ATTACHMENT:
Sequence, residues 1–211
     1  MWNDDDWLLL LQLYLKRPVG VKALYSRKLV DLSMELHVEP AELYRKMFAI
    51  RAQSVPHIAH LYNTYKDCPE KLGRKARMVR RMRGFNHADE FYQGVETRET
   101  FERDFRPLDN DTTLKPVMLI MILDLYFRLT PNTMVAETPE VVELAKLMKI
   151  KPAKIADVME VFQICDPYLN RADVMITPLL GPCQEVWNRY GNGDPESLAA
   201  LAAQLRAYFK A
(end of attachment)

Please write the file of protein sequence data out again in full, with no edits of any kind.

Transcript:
Sequence, residues 1–211
     1  MWNDDDWLLL LQLYLKRPVG VKALYSRKLV DLSMELHVEP AELYRKMFAI
    51  RAQSVPHIAH LYNTYKDCPE KLGRKARMVR RMRGFNHADE FYQGVETRET
   101  FERDFRPLDN DTTLKPVMLI MILDLYFRLT PNTMVAETPE VVELAKLMKI
   151  KPAKIADVME VFQICDPYLN RADVMITPLL GPCQEVWNRY GNGDPESLAA
   201  LAAQLRAYFK A